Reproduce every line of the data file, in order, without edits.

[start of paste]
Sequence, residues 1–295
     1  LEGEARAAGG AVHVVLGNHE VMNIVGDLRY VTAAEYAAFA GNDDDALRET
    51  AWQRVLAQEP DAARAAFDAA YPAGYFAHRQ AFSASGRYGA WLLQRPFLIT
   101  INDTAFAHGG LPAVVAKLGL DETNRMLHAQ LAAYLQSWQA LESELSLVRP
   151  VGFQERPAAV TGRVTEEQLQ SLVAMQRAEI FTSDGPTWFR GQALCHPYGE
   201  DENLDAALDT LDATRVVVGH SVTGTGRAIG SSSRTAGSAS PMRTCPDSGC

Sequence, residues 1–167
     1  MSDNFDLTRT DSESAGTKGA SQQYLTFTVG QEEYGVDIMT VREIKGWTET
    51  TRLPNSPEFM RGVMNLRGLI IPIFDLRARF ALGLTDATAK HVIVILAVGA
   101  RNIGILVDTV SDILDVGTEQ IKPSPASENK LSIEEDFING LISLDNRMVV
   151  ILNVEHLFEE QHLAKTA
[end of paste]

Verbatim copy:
Sequence, residues 1–295
     1  LEGEARAAGG AVHVVLGNHE VMNIVGDLRY VTAAEYAAFA GNDDDALRET
    51  AWQRVLAQEP DAARAAFDAA YPAGYFAHRQ AFSASGRYGA WLLQRPFLIT
   101  INDTAFAHGG LPAVVAKLGL DETNRMLHAQ LAAYLQSWQA LESELSLVRP
   151  VGFQERPAAV TGRVTEEQLQ SLVAMQRAEI FTSDGPTWFR GQALCHPYGE
   201  DENLDAALDT LDATRVVVGH SVTGTGRAIG SSSRTAGSAS PMRTCPDSGC

Sequence, residues 1–167
     1  MSDNFDLTRT DSESAGTKGA SQQYLTFTVG QEEYGVDIMT VREIKGWTET
    51  TRLPNSPEFM RGVMNLRGLI IPIFDLRARF ALGLTDATAK HVIVILAVGA
   101  RNIGILVDTV SDILDVGTEQ IKPSPASENK LSIEEDFING LISLDNRMVV
   151  ILNVEHLFEE QHLAKTA